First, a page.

A Policy Conundrum: Unused Items

Q:  At our facility, we discussed in detail that under no circumstances can an opened but not used rigid container be sent from the OR to the clean side of SPD whether the patient was in room or not. Can you help with this?

By Nancy Chobin, RN, AAS, ACSP, CSPM, CFER

Q:  At our facility, we discussed in detail that under no circumstances can an opened but not used rigid container be sent from the OR to the clean side of SPD whether the patient was in room or not. Can you help with this?

A:  This is a common question received. There is a misconception that if a set is opened within the OR room but not used, especially if the patient has not entered the room that the set is considered clean and therefore, can be returned to the clean area of SPD. However, there are too many variables that can occur which can lead to processing failures.
The Association for the Advancement of Medical Instrumentation (AAMI)’s Comprehensive Guide to Steam Sterilization and Sterility Assurance in Health Care Facilities (2013) does address this specific issue.

It states, “5.3 Disposition of sterile items (issued but not used). Unused items that previously have been packaged, sterilized, and issued to a controlled environment such as the OR may be returned to the sterile storage area if the integrity of the packaging has not been compromised and there is no evidence of contamination; such items should be the first to be dispensed when needed. Reusable items that have been opened or that have damaged packaging should be unwrapped and reprocessed through decontamination in accordance with departmental policies and procedures. Disposable items that have been opened or that have damaged packaging should be discarded; such items should not be reprocessed unless the manufacturer provides written IFU for reprocessing and all FDA requirements for the reprocessing of single-use items are met (http://www.fda.gov/MedicalDevices/DeviceRegulationandGuidance/ReprocessingofSingleUseDevices/default.htm).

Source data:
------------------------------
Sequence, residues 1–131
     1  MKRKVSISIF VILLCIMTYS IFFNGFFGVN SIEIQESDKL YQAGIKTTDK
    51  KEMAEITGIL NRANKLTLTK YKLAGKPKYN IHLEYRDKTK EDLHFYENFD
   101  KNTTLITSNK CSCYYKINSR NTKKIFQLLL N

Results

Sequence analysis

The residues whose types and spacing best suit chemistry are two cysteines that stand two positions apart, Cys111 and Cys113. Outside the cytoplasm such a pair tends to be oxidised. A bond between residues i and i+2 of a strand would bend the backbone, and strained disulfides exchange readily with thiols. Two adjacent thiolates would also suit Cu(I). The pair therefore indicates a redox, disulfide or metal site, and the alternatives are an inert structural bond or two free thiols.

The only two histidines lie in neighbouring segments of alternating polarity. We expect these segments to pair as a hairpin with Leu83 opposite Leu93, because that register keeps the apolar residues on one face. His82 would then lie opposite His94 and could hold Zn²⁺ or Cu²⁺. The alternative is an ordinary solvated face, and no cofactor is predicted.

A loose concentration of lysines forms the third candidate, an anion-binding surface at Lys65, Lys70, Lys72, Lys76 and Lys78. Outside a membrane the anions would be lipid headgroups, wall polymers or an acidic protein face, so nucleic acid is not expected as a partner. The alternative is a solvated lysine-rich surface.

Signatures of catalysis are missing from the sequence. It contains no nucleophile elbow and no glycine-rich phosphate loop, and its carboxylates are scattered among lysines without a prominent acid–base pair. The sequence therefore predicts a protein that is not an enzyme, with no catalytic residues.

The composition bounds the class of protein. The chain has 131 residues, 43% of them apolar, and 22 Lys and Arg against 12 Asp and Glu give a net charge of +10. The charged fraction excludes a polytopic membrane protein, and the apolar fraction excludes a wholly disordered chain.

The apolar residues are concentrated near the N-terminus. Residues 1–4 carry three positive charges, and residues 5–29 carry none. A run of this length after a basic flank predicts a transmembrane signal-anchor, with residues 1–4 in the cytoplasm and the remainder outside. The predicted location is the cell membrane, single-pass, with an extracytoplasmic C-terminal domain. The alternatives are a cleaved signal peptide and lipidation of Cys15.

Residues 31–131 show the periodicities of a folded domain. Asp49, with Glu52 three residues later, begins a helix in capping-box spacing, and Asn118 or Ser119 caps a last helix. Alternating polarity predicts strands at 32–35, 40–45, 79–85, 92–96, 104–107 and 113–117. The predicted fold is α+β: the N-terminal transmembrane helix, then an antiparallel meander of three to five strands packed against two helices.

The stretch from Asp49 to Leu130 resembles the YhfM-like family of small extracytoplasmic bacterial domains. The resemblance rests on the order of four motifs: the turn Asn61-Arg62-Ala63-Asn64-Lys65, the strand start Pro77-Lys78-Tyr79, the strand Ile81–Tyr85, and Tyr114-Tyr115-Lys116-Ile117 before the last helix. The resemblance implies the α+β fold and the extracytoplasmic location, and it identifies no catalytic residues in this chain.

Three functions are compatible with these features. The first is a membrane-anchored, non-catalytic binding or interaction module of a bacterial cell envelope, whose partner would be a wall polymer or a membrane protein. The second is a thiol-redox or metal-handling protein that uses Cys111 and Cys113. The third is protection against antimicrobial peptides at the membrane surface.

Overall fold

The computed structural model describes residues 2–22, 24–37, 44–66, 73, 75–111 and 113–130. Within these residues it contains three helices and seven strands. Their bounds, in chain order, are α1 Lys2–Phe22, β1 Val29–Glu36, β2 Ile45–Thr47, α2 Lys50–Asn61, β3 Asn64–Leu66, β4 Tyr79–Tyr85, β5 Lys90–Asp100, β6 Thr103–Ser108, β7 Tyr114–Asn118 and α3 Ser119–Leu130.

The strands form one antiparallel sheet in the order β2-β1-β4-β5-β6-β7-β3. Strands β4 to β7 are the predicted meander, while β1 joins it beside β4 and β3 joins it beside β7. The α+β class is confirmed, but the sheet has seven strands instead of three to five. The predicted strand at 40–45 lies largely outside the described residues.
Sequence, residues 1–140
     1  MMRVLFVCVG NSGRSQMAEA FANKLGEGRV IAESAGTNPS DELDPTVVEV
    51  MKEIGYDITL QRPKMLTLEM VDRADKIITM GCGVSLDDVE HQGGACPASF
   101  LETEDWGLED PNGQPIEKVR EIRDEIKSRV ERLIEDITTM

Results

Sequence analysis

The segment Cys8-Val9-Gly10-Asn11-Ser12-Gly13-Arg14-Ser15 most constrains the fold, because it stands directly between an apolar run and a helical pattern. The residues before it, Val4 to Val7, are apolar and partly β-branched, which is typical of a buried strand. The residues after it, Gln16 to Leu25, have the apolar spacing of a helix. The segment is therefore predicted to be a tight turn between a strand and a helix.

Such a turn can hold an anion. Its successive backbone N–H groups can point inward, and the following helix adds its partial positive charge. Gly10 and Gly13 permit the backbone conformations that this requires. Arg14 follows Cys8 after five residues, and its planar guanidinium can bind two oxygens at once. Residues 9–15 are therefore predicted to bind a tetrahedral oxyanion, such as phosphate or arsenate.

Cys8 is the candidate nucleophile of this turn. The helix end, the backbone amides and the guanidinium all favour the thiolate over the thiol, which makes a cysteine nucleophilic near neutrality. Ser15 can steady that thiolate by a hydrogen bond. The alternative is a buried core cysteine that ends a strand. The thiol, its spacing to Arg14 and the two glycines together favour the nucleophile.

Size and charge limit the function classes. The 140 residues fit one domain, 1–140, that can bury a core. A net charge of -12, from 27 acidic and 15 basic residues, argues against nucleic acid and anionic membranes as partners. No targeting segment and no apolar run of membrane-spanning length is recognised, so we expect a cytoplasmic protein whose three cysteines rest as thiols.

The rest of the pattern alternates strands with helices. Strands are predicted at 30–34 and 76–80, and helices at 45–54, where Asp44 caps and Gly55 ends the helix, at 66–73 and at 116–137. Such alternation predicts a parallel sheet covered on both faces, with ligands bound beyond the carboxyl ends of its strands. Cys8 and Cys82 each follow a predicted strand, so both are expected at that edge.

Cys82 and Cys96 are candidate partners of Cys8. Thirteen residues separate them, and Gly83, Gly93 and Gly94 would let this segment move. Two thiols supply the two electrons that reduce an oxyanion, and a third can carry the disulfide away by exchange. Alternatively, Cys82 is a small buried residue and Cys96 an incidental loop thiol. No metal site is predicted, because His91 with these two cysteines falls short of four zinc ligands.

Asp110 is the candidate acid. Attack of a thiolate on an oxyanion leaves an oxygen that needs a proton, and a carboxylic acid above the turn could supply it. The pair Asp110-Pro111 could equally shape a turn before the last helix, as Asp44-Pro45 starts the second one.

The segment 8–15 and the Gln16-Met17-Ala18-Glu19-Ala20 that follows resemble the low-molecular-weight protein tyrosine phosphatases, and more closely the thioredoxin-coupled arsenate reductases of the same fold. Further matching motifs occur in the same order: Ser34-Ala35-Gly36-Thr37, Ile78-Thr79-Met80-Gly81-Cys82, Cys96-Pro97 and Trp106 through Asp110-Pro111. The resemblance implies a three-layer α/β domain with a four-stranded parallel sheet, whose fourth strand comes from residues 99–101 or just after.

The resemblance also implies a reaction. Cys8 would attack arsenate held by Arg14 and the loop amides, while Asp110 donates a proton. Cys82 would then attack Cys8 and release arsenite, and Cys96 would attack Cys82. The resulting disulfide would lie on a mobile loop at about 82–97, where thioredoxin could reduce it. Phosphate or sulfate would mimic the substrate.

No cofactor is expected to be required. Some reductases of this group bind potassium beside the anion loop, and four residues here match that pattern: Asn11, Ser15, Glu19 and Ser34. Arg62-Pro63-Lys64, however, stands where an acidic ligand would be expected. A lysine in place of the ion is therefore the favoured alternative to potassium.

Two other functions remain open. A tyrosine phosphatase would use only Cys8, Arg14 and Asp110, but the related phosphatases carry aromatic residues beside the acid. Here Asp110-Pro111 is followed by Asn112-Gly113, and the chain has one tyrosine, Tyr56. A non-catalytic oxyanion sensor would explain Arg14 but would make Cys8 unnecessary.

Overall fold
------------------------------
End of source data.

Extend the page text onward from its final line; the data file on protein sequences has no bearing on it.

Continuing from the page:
AAMI makes this recommendation based upon the fact that it cannot be determined what, if any, contamination occurred to the contents of the container. When items are sterilized in a sterilizer, the sterilization is dependent upon reduction of the microbial level to enhance the probability of sterilization. Furthermore, AAMI and all rigid container manufacturers recommend that after each use, the sterilization container be disassembled (e.g. removal of filter retention plates and any other specified components) and completely cleaned. The cleaning process usually requires cleaning with a neutral pH enzymatic detergent (unless otherwise directed by the container manufacturer) by a manual or mechanical process.  Containers should never be “wiped” out and never “cleaned” with environmental disinfectant wipes. Neither of these processed are compliant with manufacturer’s instructions for use.

Therefore, any rigid containers that are opened should be returned to your decontamination area where the container and the contents can be cleaned to the specific manufacturer’s instructions for use.

While it is commendable that the OR staff is being considerate of the additional workload for the SPD staff, compliance with standards and patient safety must take precedence.

Nancy Chobin, RN, AAS, ACSP, CSPM, CFER, is a sterile processing consultant and educator.

Reference:  Association for the Advancement of Medical Instrumentation, “Comprehensive Guide to Steam Sterilization and Sterility Assurance in Health Care Facilities, (ST-79), 2013.  Section 5.3.



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